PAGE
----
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Pharmacologic class: Estrogen
Therapeutic class: Replacement hormone, antineoplastic, antiosteoporotic
Pregnancy risk category X
Bind to nuclear receptors in responsive tissues (such as female genital organs, breasts, and pituitary gland), enhancing DNA, RNA, and protein synthesis. In androgen-dependent prostate cancer, compete for androgen receptor sites, inhibiting androgen activity. Also decrease pituitary release of follicle-stimulating and luteinizing hormones.
Powder for injection: 25 mg/5 ml
Tablets: 0.3 mg, 0.625 mg, 0.9 mg, 1.25 mg
Vaginal cream: 0.625 mg/g
Indications and dosages
➣ Ovariectomy; primary ovarian failure
Adults: 1.25 mg P.O. daily continuously or in cycles of 3 weeks on and 1 week off
➣ Osteoporosis and menopausal symptoms
Adults: 0.3 to 1.25 mg P.O. daily continuously or in cycles of 3 weeks on and 1 week off
➣ Female hypogonadism
Adults: 0.3 to 0.625 mg P.O. daily, given in cycles of 3 weeks on and 1 week off
➣ Inoperable breast cancer in men and postmenopausal women
Adults: 10 mg P.O. t.i.d. for 3 months or more
➣ Inoperable prostate carcinoma
Adults: 1.25 to 2.5 mg P.O. t.i.d.
➣ Uterine bleeding caused by hormonal imbalance
Adults: 25 mg I.M. or I.V., repeated in 6 to 12 hours if necessary
➣ Atrophic vaginitis, kraurosis vulvae
Adults: 0.5 to 2 g (vaginal cream) intravaginally daily in cycles of 3 weeks on and 1 week off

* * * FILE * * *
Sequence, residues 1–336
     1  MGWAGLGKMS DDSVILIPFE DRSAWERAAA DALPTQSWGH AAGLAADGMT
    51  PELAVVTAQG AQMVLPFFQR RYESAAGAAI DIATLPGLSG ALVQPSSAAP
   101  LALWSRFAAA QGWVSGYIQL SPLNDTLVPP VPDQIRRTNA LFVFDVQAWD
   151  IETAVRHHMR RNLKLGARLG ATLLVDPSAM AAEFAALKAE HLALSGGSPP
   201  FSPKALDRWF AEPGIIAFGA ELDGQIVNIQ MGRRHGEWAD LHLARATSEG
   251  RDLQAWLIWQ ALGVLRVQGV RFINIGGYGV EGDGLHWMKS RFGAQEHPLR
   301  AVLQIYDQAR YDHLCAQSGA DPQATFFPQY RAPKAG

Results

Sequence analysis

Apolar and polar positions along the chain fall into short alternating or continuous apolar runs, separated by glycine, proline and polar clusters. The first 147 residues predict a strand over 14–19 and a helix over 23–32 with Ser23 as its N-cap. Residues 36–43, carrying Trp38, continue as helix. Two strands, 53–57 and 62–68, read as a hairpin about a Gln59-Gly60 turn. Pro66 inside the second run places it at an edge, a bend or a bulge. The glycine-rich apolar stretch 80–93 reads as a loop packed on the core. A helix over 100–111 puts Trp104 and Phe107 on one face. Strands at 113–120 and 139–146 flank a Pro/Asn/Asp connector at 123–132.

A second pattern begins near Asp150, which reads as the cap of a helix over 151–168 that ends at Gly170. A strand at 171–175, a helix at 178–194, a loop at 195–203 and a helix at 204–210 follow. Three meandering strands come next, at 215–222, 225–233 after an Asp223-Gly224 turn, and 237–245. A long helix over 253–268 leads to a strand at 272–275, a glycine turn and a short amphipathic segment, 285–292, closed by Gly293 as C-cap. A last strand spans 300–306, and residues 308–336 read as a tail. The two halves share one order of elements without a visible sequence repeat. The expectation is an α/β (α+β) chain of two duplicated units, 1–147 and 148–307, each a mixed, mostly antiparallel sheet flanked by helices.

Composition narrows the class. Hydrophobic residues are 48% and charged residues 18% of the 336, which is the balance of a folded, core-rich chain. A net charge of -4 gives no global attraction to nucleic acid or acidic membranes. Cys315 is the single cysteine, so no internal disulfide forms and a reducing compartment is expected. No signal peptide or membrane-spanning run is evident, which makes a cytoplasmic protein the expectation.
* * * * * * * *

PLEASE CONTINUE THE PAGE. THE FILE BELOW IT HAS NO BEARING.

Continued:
➣ Moderate to severe dyspareunia
Adults: 0.5 g (vaginal cream) intravaginally daily in cycles of 3 weeks on and 1 week off
• Hypersensitivity to drug or its components
• Thromboembolic disease (current or previous)
• Undiagnosed vaginal bleeding
• Breast or reproductive system cancer (except metastatic disease)
• Estrogen-dependent neoplasms
Use cautiously in:
• cardiovascular disease, severe hepatic or renal disease, asthma, bone disease, migraine, seizures, breast disease
• family history of breast or genital tract cancer
• breastfeeding patients.
• Know that drug is compatible with dextrose 5% in water and normal saline solution.
CNS: headache, dizziness, lethargy, depression, asthenia, paresthesia, syncope, cerebrovascular accident (CVA), seizures
CV: hypertension, chest pain, myocardial infarction (MI), thromboembolism
EENT: contact lens intolerance, worsening of myopia or astigmatism, otitis media, sinusitis, rhinitis, pharyngitis
GI: nausea, vomiting, diarrhea, abdominal cramps, bloating, enlarged abdomen, dyspepsia, flatulence, gastritis, gastroenteritis, hemorrhoids, colitis, gallbladder disease, anorexia, pancreatitis
GU: urinary incontinence, dysuria, urinary tract infection, amenorrhea, dysmenorrhea, endometrial hyperplasia, vaginal candidiasis, leukorrhea, vaginal hemorrhage, genital eruptions, gynecomastia, breast tenderness, breast enlargement or secretion, reduced libido, erectile dysfunction, testicular atrophy, increased risk of breast cancer, endometrial cancer, hemolytic uremic syndrome
Hepatic: cholestatic jaundice, hepatic adenoma
Metabolic: hyperglycemia, hypercalcemia, sodium and fluid retention, reduced carbohydrate tolerance
Musculoskeletal: leg cramps, back pain, skeletal pain
Respiratory: upper respiratory tract infection, bronchitis, pulmonary embolism
Skin: acne, oily skin, pigmentation changes, urticaria, pruritus, erythema nodosum, hemorrhagic eruption, skin hypertrophy, hirsutism, alopecia, erythema multiforme